#SfN18 Day 3 Grass Lecture: A Series of Thoughts



#SfN18 Day 3 Grass Lecture: A Series of Thoughts

On Monday, the annual Grass Lecture took place, highlighting the work of a high-profile researcher chosen by SfN from within its own ranks. This year, the speaker was David Tank, who has co-directed the Princeton Neuroscience Institute since 2006. Before going to Princeton, he did research at Bell Labs, helping to develop and advance fMRI techniques. While at Princeton, his work has generally focused on how the brain internally represents and encodes its own experiences.

His first studies at Princeton focused primarily on how the brain represents location. In 2009, he and his student Chris Harvey invented the first virtual reality environment for mouse experiments, keeping the mouse in place on a rolling ball while IMAX-style screens surrounding the mouse display images giving the impression of motion along a linear track. Using this technique, they were able to not just observe sequences of place cells firing in the hippocampus, but they achieved enough stability to do the first intracellular identification of a place cell while spiking, which helped show that these were actually cells, and not just small regions with similar activity.

A mouse in the virtual reality environment.

He did more work for a while expanding this task from a 1-dimensional line in virtual reality to a 2-dimensional environment, but soon he asked an even more interesting question: are these sequences of cells firing specific to location, or is it just one aspect of a more general phenomenon? To find the answer, they allowed mice to experience sound as well as place, playing a series of tones while the mouse navigated an environment. To their surprise, they found that certain cells in the hippocampus fired in sequence to tone as well as location, but the two populations seemed to sample from each other. In other words, the brain used the same method to track multiple modes of information over time: the map was not just spatial, but possibly cognitive.

Next, they took this idea one step further and fully decoupled the task from physical location, relying solely on sound. Again, a sequence of tones would play, but the mouse would remain stationary at a lever, and had to push it when the tones reached a certain frequency, all the while recording how their brain cells’ activity changed. They found the same thing here as well: their brain also represented the tone as a sequence of activity across brain cells, just like it would represent a physical sequence in space.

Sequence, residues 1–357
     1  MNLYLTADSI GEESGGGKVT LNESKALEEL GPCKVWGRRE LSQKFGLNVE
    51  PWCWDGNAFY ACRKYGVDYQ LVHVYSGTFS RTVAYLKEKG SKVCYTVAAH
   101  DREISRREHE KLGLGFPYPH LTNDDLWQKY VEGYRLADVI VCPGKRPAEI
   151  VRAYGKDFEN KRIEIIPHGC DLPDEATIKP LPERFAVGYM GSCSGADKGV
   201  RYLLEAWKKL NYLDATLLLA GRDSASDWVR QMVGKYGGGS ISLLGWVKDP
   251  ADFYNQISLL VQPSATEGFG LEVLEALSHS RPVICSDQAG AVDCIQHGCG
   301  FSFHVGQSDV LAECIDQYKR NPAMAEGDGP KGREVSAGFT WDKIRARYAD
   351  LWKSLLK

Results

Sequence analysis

The sound-exclusive sequence task.

Interestingly, this general purpose mapping can allow for the reverse to work as well. Sequences in space can actually get reconstructed from neural activity alone in a process known as manifold inference, based on what we know about how these sequences represent the external world. These inferred positions can then be compared to the animal’s real position throughout, and most of the time the two seem pretty similar. However, at certain points the two drift apart. The exact reason for this is unknown, but it may result from our representations coming from both an external and an internal state: when the external state dominates, the two remain similar, but when the internal state predominates, the two could drift apart.

In fact, this drift may specifically represent the difference between our internal representation and external reality. The drift seems especially pronounced when mice get predictions wrong, where our external reality does not match how we represent it internally. Further, across many series of many activities, paths gradually diverge from each other as time goes on, but they generally return to the same point in the end. When an error is made, however, the paths do not return to the same point in the end, but the difference becomes even more pronounced instead.

Overall, the brain seems to represent experiences as sequences of individual cells firing, regardless of what this experience actually is. This paradigm could provide a key to decoding the numerous mysteries of the brain, like how we observe the world around us or how to tell whether our internal representations are accurate. Such possibilities are immensely promising, and hopefully David Tank will have much more to show us for a long time to come.

James Howe